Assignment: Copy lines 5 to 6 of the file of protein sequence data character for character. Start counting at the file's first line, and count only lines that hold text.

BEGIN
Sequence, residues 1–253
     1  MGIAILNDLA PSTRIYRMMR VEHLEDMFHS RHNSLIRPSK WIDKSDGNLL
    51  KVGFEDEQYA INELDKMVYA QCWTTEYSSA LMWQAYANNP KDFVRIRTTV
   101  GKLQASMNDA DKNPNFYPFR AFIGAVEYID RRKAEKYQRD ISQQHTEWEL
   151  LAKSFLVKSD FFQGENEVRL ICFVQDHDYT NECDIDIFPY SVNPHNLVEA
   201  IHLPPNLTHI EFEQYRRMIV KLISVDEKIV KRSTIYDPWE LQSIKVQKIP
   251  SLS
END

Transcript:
   151  LAKSFLVKSD FFQGENEVRL ICFVQDHDYT NECDIDIFPY SVNPHNLVEA
   201  IHLPPNLTHI EFEQYRRMIV KLISVDEKIV KRSTIYDPWE LQSIKVQKIP